DESTINY SHADOWS swiped the circle table off one more time, slower this time. Her ears perked up, heart tripping up a pace or two. She strained to make out what the two business-looking men were saying, in a thick German-accented French.
“We must get him out,” Destiny caught one man saying in a casual tone, and she knew at once why they were speaking French. So they wouldn’t attract attention. Besides, the German tongue was pretty infamous by now.
The War had ended, and the Allies had won. But Nazis were still running at large, and every day more were getting farther and farther away from inland Europe.
“Yah,” the other one agreed, still in that casual tone.
Destiny paused in her wiping the table and wiped her face with the back of her hand. Her forehead did have a few dibbles of sweat, but her real reason was to stall time at the pretty-near-spotless table of her family-owned La Café. She wanted to hear all she could from these German-accented men. Possibly Nazi officers escaping country? She didn’t know, but she couldn’t be too careful at such a time as this.
“This food is delicious,” the first man told a passing waitress, with a smile.
From her view Destiny could tell the girl was flattered. The men were nice-looking for their age, she had to admit, but she would not be flattered by such a tongue. She had lost her cousin to a Nazi, and she was definitely not losing her heart to one. Rats! There goes any more listening-in, she told herself as she saw the two men in their late thirties stand up to leave. Just when I was going to find out something…
Then, something else broke her concentration of trying to hear “just a little more info”. Or, rather, someone. One of their waiters in his mid-twenties, French-born Marq Clef whose father was an American veteran of WWI, was just stepping over to the now-spotless table. Destiny stood up from her wiping and groaned inside when she felt her slightly-wrinkled-dishwater hand against the thick rag.
“Hey,” Marq gave a wide-teeth-showing smile. He bent over to give the spotless table another wipe with his rag. “Having trouble wiping this table?”
“Hey,” Destiny returned and turned her eyeballs sideways to watch the German-accented men leave. One was cradling an overstuffed duffle bag.
When she looked back she found Marq looking at her with raised eyebrows. She shook her head, thinking to answer him, “Just finished.”
“I see.” Marq craned his neck to look where Destiny had been eyeing sideways. “Captivating people eat here, don’t they? I bet you thought those old men were nice-looking.”
“Don’t be sarcastic, Marq.” Destiny gave the two men leaving another glance. One was glancing around with a wary-looking eyes.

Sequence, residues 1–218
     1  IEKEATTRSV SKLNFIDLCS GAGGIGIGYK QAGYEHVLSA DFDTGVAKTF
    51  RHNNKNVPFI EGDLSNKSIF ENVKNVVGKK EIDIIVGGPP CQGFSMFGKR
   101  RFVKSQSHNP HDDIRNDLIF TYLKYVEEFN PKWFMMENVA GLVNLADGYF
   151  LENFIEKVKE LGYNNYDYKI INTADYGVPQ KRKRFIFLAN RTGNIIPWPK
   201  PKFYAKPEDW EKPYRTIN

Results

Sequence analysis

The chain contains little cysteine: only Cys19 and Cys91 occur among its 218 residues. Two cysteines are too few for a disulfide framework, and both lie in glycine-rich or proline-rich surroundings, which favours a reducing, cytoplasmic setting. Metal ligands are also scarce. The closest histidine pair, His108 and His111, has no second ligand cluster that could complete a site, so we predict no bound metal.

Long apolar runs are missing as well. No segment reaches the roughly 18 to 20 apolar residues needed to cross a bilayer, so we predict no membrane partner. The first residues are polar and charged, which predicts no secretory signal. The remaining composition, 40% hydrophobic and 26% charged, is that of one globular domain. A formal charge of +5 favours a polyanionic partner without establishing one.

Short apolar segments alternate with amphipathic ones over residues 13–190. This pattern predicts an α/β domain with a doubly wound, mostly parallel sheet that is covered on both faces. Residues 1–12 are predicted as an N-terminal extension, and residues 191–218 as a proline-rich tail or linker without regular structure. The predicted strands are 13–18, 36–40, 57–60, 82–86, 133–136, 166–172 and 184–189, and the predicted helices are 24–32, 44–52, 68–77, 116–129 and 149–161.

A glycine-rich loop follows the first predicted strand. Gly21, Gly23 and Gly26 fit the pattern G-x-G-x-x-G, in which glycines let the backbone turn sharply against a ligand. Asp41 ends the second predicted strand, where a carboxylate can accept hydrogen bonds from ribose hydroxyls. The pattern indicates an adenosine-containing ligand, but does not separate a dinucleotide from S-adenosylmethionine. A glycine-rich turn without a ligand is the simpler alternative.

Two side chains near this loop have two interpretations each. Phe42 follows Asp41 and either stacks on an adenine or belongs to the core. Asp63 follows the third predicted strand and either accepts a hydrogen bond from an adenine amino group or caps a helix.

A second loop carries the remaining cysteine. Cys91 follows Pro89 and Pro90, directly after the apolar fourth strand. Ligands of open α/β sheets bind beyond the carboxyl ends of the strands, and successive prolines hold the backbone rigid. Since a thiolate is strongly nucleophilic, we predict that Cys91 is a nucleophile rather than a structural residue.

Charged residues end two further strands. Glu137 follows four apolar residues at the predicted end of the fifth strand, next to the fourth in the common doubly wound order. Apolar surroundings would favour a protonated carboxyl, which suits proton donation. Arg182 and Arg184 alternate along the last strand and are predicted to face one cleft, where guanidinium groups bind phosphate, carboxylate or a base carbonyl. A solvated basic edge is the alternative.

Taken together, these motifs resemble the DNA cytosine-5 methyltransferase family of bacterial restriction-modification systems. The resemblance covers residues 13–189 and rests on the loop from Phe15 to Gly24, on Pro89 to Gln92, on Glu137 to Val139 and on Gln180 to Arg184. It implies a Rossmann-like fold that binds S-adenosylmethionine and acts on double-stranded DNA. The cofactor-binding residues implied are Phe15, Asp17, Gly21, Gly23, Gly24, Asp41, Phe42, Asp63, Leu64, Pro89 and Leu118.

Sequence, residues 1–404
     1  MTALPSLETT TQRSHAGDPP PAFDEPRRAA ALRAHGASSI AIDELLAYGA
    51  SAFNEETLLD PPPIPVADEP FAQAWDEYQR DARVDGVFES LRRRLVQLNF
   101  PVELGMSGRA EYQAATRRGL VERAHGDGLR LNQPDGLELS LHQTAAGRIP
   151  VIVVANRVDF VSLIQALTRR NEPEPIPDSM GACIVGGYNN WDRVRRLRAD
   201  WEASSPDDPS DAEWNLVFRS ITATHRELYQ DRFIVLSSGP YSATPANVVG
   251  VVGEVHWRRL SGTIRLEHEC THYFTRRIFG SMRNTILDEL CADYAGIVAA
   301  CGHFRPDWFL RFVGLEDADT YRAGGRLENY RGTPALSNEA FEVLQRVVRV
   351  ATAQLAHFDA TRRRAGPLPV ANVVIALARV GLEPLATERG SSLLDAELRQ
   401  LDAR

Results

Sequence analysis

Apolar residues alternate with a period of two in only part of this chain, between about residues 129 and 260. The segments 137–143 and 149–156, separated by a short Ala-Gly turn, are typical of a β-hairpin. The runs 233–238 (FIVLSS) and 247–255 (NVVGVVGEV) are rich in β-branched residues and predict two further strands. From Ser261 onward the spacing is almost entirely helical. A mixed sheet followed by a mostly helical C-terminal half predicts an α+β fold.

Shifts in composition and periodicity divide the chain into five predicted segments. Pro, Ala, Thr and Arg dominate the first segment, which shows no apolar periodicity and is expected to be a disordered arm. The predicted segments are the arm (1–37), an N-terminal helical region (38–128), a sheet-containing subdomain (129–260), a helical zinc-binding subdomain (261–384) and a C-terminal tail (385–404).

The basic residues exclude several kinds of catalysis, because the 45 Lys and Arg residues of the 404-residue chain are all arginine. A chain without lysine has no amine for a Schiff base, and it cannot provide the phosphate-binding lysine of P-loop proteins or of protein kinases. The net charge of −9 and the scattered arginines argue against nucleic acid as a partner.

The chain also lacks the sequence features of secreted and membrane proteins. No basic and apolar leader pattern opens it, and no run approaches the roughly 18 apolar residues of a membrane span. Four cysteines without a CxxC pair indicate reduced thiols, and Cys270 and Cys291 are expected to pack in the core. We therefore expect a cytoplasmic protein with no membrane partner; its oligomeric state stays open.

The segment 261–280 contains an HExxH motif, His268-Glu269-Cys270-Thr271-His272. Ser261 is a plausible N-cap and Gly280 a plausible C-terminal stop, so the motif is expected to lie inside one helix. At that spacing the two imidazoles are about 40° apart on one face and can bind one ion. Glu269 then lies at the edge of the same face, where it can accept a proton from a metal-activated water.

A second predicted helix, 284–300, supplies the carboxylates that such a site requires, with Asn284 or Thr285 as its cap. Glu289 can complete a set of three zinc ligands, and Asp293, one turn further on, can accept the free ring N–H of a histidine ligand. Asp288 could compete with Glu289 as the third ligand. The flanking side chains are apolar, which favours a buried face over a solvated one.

“But you stayed at this table for over ten minutes!” Marq nodded his head in the direction of the other dirty tables on the brick walkway with a wide blue-and-white-striped awning. “Work to be done. Now.”
“Quit being so bossy,” Destiny grumbled, and followed him over to wipe the other dirty tables. “Guys are just like that.”
“Like what?” Marq glanced back while scrubbing away on a tabletop.
“You forget that I’m the owner’s daughter.”
“Then I’ll just say I’m the owner’s son,” Marq didn’t take the slightest cue of her annoyance. “Besides, your Dad told me we had to hurry. Important job for us to do.”
“What?” Destiny scrubbed away at the tables, and glanced through the glass bay window where her mother was putting away the leftover pastries and a couple loaves of French bread from the shelves on-looking the street. “What important job does my Dad have for us to do?”
Marq glanced around to make sure nobody was listening in on the street; then, said lowly, “Little girls shouldn’t ask such big questions.”
Destiny began to frown so Marq simply stated, “Secret.”
Security retain. Abbreviated: SEC. RET. Destiny’s heart thumped a beat, and tripled. That meant there was business to do. Real action with those scary moments that she remembered so well during the War that had just passed. They had been stationed there since October 1939, right after Poland had fallen into Nazi hands, and their days had been spent in ceaseless caution from hiding her brother, Tom, and her father to rescuing Jews in the Underground. Destiny thought now that the War was over, the action was over. But she wrong.
“I’ll be good, old man.” Destiny finished the last table with grin.
She looked around the La Café. Nobody else was there besides her mother locking the bread-safe and register. All the other waiters and waitresses had gone. “Now don’t give me the heavy side of the tables like you usually do.”
Marq chuckled. Rather, he usually all but carried the round tables into the interior La Café. Destiny more or less put her fingers under one edge and walked forward while he had to walk backwards, with all the weight.
Minutes later Destiny found herself leading Marq up the steps of their townhouse and into her father’s office. Mother was out window-shopping, a thing that she hadn’t done since back in the States. Throughout most of the War they had all but been confined into their houses unless they were buying something. It was too dangerous to be out on the streets with Nazis swarming around like bees. Besides, her mother hadn’t known French and didn’t like going out too much without her husband translating.
“Papa,” Destiny fell silent in the doorway when she saw two men in suits, in their late thirties; one carrying an overstuffed duffle bag.
She glanced up at Marq who gave her a slight high-eyebrow. Destiny pretended she was picking some dry skin off her nose, and barely whispered with exasperated eyes, “Too old.”
Marq nodded once, and crossed his arms. The two men’s backs were to them, and Mr. Shadows hadn’t noticed them yet so Destiny backed up from the doorway and walked into a corridor. This jumbling house was a two-story brick structure full of hidden rooms, corridors, and walls. It was said that a suspicious rich man had it built to hide his money in, and even had a foreigner build it so the locals wouldn’t know where everything was.